Composer and violinist Phanos Dymiotis was born in Nicosia, Cyprus, on 3 April 1965, when the country was in the 5th year of its independence, for the first time since the 12th century A.D. He was the second of the three children of Stella Dymiotou, a literature teacher, and Nikos (d. 1990), an exceptionally talented sculptor, who, according to Stella, “loved classical music and was even more modest than Phanos”.
In that environment, the rare intellectual and musical abilities of Phanos were apparent very early. He attended the primary schools of Agia Marina and, subsequently, Chryseleousa, in Nicosia (1970-1976), and excelled in all subjects, while participating in all the vocal and instrumental ensembles. He played the mandolin, and, at the age of 10, he started violin lessons. He continued his schooling at the “Pankyprio Gymnasio Kykkou”, where music teacher Maro Skordi helped him to enrich his knowledge and distinguish himself, recognizing his progress in the violin as well as the artistry of the works he had already composed, studying from books “in his free time”, as he himself wrote. His composition Marcia Funebre was written in 1977 on the death of Makarios III, one of the world’s most popular leaders, whose funeral was a stirring public event. It is the first of Dymiotis’s works that attest to his constant interest in the unequal struggles and political deadlocks of his country, part of which was invaded by the Turks in 1974.
While still in high school, Dymiotis also composed a String Quartet (1979), which was chosen and performed by a professional ensemble in Sofia, on 20 August 1979, as part of the events for the International Year of the Child. The quartet and Marcia Funebre impressed Philip R. Pfaff, the English examiner in Cyprus of the Royal Schools of Music Associated Board, who, upon the insistence of Maro Skordi, agreed to examine Phanos Dymiotis in the violin and look at his compositions. As a result, Dymiotis completed his secondary education in one of the best music schools of England, Chetham's School of Music in Manchester, which prepares gifted children for Higher Education.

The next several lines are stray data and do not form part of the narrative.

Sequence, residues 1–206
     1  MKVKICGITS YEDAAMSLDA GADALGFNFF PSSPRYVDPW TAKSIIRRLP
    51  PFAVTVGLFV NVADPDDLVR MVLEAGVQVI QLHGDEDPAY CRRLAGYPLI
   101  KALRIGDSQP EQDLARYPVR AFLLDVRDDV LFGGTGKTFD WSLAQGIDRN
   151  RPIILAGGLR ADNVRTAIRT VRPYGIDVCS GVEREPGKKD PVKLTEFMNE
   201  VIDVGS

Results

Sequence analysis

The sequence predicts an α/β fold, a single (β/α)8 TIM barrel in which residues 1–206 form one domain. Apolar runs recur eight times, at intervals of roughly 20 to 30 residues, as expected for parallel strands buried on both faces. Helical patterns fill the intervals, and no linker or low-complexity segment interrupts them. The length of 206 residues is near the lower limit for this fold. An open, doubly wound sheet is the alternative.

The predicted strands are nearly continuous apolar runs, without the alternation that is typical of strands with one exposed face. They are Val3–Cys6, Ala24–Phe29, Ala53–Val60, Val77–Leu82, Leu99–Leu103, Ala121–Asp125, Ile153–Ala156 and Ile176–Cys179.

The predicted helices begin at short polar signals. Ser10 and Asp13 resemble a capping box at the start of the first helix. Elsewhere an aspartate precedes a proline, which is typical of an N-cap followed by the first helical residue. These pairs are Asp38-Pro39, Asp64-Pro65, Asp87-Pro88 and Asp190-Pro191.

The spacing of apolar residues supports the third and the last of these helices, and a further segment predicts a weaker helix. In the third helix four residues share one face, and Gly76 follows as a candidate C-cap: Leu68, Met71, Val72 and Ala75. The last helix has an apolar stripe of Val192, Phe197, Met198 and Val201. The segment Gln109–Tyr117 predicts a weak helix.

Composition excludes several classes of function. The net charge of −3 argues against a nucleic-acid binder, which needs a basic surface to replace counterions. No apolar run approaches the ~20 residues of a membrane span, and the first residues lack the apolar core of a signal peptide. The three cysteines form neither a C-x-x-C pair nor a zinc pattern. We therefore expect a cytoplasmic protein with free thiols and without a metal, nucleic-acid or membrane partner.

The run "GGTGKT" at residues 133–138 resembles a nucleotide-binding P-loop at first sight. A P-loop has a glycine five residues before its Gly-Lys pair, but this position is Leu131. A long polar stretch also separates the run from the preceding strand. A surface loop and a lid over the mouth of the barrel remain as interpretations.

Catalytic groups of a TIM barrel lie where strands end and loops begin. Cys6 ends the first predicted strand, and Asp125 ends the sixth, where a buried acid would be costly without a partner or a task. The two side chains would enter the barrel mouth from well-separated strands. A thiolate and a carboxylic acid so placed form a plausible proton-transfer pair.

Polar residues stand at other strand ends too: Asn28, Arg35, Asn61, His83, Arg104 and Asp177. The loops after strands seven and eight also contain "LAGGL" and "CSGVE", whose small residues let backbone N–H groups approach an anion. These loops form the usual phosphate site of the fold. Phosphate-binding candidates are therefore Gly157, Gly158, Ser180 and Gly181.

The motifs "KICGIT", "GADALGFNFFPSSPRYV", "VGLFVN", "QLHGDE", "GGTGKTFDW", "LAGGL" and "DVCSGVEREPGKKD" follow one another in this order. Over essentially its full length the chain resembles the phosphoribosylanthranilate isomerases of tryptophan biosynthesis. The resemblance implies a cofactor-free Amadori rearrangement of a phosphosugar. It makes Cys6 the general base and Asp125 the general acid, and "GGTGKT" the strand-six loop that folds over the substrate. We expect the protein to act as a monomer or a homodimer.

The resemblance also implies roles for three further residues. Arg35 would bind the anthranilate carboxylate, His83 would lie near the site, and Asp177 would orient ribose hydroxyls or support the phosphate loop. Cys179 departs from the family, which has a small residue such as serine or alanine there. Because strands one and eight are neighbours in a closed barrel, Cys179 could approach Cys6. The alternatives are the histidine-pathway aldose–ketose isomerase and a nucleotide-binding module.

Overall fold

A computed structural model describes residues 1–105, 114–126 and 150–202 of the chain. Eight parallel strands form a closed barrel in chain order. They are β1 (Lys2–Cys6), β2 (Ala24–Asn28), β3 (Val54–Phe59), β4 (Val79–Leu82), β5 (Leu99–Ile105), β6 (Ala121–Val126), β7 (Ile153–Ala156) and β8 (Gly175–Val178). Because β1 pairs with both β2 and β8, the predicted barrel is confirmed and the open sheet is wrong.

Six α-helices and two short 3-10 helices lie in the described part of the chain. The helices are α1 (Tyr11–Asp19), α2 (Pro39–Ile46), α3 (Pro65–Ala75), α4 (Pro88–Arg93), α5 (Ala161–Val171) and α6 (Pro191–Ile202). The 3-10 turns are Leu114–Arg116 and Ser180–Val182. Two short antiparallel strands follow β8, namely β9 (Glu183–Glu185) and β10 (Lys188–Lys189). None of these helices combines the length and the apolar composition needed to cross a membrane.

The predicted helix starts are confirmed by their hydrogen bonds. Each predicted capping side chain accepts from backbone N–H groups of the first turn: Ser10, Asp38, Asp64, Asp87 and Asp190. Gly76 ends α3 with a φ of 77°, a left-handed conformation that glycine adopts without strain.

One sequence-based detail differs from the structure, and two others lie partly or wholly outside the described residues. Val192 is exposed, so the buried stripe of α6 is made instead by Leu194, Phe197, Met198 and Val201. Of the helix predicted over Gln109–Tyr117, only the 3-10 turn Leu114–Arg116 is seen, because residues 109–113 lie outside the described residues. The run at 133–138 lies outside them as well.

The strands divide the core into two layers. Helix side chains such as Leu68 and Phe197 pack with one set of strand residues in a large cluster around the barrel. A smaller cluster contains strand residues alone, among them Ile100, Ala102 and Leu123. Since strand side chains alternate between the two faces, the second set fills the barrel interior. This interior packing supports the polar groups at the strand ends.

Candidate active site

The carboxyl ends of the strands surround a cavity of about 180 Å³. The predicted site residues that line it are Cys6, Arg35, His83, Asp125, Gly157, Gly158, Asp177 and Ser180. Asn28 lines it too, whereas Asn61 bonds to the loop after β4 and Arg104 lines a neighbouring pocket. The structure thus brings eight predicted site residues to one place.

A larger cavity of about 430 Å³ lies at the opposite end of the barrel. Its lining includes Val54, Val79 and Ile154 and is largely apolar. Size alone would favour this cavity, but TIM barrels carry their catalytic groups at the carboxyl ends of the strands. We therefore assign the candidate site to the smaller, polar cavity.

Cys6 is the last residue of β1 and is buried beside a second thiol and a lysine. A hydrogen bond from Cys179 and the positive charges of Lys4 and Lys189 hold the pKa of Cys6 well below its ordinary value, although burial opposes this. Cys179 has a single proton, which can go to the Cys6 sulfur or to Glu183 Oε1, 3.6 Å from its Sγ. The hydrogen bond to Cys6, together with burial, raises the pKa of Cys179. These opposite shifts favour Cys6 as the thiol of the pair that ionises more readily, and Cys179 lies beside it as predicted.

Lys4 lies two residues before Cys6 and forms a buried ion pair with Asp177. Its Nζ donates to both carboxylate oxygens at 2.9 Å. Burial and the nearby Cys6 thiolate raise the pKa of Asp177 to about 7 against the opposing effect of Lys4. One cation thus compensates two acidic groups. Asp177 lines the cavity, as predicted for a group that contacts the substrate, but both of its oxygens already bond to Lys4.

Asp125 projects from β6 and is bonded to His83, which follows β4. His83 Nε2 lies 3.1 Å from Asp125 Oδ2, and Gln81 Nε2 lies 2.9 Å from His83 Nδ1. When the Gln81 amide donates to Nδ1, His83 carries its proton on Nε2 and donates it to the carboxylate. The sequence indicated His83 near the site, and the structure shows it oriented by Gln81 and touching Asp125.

While attending Chetham’s School of Music (1979-1983), he composed ten works, some of which are the work of a mature composer, like the Divertimento for chamber orchestra, and the oratorio The Last Apostle, inspired, too, from Makarios III, parts of which were performed in Nicosia on 19 January 1983. Dymiotis made equally spectacular progress in his violin studies. And, in every phase of his studies, he was also active as an organizer and performer of music.
In Manchester, he formed a deep friendship with Greek pianist, conductor and musicologist George Hadjinikos (1923-2015). Through him, he became acquainted with the work of Nikos Skalkottas (with whom he probably identified to some degree). Hadjinikos also gave him the opportunity to show his performing skills by inviting him to replace at the last moment the soloist of a concert he was conducting, and he impressed both audience and critics in Lalo's Symphonie espagnole.